Are you a recordkeeping pack rat? Many individuals and businesses hold onto paper and digital records indefinitely — just in case. But securely storing years of financial records can become burdensome. Here’s some guidance to help minimize recordkeeping overload. Read more
E-Verify is about to play a critical role under the Trump administration.
The electronic service, launched in 1996, is primarily a voluntary web-based system, though it could soon become mandatory. E-Verify enables employers to quickly determine whether information supplied by job applicants on their I-9 forms is consistent with data held by the Social Security Administration and the Department of Homeland Security. Read more
CHANGES IN SECTION 965 SPECIFIED FOREIGN CORPORATIONS’ TAX YEARS
On February 13, 2018, the Department of the Treasury and the Internal Revenue Service (collectively, “Treasury”) issued Rev. Proc. 2018-17 (the “Rev. Proc.”). The Rev. Proc. provides additional guidance under Section 965, Treatment of deferred foreign income upon transition to participation exemption system of taxation, as amended by the “Tax Cut and Jobs Act,” which was enacted on December 22, 2017. In particular, the Rev. Proc. provides guidance regarding certain changes in Section 965 specified foreign corporations’ tax years. Read more
By Bethany Bouw
There are a variety of ways one may be considered ‘out of the country’ on the due date of individual income tax returns (April 17, 2018). In regards to filing the automatic two-month extension, the IRS has a slightly complicated definition of ‘out of the country’. You will want to make sure that you fully understand their definition in order to know when your due date is and how best to extend. Read more
By Bethany Bouw
The due date for individual income tax returns (April 17, 2018) is nearly upon us. Some of you may be wondering if you qualify for the automatic two-month extension. Ryan & Wetmore is here to help you with your extension concerns. Read more
By Justin Gipp and Jason Dudas, CPA
In December 2017, Congress signed the Tax Cuts and Jobs Act. There are many changes in the new tax bill that will cause varying effects on businesses and individuals. As the dust starts to settle on the new tax bill, most businesses expect their income tax expense to decrease. However, a general understanding of the new tax law is necessary to effectively make tax planning decisions for your business. Business owners can start strategizing their plan by reviewing the five most significant changes that are expected to affect construction contractors. Read more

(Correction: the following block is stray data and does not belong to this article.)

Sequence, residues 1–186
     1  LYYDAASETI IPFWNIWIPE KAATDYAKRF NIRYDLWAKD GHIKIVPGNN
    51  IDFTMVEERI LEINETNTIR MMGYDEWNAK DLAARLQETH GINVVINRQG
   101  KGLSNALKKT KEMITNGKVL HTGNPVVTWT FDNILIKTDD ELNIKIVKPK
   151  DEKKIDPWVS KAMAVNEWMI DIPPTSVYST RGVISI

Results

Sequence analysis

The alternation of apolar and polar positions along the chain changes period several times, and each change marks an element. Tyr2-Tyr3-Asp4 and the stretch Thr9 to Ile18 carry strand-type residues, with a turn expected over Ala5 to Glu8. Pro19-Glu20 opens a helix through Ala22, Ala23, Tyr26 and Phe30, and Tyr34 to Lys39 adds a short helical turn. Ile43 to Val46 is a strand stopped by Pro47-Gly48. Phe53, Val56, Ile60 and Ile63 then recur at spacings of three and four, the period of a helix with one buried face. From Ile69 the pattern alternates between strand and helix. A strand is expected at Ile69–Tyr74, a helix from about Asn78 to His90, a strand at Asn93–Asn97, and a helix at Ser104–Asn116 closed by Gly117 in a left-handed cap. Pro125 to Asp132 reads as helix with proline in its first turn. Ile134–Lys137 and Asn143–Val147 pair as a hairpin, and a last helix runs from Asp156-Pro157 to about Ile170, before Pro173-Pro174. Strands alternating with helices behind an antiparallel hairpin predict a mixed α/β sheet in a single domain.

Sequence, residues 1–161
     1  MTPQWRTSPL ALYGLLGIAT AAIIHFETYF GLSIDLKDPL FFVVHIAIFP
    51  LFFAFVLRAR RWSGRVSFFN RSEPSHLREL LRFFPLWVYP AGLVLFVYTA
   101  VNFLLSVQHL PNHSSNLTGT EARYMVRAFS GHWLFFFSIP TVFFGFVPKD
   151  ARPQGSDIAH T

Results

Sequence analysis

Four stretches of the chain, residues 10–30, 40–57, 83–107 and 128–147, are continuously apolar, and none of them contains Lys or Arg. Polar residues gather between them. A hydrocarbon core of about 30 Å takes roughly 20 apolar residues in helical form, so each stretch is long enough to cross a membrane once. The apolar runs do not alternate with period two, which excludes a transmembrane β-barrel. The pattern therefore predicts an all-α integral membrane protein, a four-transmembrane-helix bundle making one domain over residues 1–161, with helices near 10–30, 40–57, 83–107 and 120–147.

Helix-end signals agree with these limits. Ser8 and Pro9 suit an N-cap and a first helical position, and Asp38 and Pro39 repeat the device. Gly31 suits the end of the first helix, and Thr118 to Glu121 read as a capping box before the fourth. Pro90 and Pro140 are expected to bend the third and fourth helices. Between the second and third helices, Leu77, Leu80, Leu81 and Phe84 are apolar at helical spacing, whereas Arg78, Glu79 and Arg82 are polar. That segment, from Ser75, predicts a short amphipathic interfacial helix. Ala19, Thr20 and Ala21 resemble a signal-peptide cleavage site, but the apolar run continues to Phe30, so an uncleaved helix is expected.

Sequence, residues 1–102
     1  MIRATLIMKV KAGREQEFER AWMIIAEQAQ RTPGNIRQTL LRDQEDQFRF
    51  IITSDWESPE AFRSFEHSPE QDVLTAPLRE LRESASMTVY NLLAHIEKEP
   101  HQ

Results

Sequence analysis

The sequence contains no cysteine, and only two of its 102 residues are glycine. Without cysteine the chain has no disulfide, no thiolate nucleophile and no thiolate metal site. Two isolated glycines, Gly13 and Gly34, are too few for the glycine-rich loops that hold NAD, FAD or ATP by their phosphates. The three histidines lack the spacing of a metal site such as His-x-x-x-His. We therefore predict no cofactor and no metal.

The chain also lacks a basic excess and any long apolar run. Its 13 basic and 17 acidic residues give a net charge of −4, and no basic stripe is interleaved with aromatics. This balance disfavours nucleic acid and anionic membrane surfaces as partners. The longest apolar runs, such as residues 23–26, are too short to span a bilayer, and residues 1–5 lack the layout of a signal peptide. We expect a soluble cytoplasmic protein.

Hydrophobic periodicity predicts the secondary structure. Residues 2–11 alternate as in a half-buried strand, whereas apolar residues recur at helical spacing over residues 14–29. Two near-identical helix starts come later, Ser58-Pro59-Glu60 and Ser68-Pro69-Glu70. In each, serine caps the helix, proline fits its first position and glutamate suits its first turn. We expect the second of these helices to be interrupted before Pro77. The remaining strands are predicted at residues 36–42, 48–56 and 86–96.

The Tax Cuts and Jobs Act (TCJA) imposes new limits on home mortgage interest deductions. Here’s how the changes could affect your tax situation.
For the 2018 through 2025 tax years, the new law generally allows you to deduct interest on only up to $750,000 of mortgage debt incurred to buy or improve a first or second residence. This type of debt is called “home acquisition indebtedness” in tax lingo. (For married individuals who file separately, the home acquisition indebtedness limit is $375,000 for 2018 through 2025.) Under prior law, you could deduct interest on up to $1 million of home acquisition indebtedness (or $500,000 for those who use married filing separate status). Read more
Earth Day is April 22. This occasion reminds us to consider implementing changes to help reduce the amount of energy we consume. But “going green” isn’t just good for the Earth — certain energy-saving expenditures also may qualify for generous tax breaks that are good for your pocketbook, too.
Here are some tax credits for buying and installing certain types of energy-efficient residential equipment. Read more
As you’ve heard by now, the Tax Cuts and Jobs Act (TCJA) includes a number of changes that will affect individual taxpayers in 2018 and beyond. Significant attention has been given to the reduced tax rates for most individuals and the new limit on deducting state and local taxes. But there is more to the story. Here’s a summary of some of the lesser-known provisions in the new law. Read more
The alternative minimum tax (AMT) was enacted back in 1969 to ensure that high-income individuals don’t take advantage of multiple tax breaks and avoid paying federal tax. However, in recent years, the AMT has been imposed on many middle-income taxpayers. Unfortunately, the Tax Cuts and Jobs Act (TCJA) retains the individual AMT. But AMT exemptions and phaseout thresholds have been increased for 2018 through 2025. Read more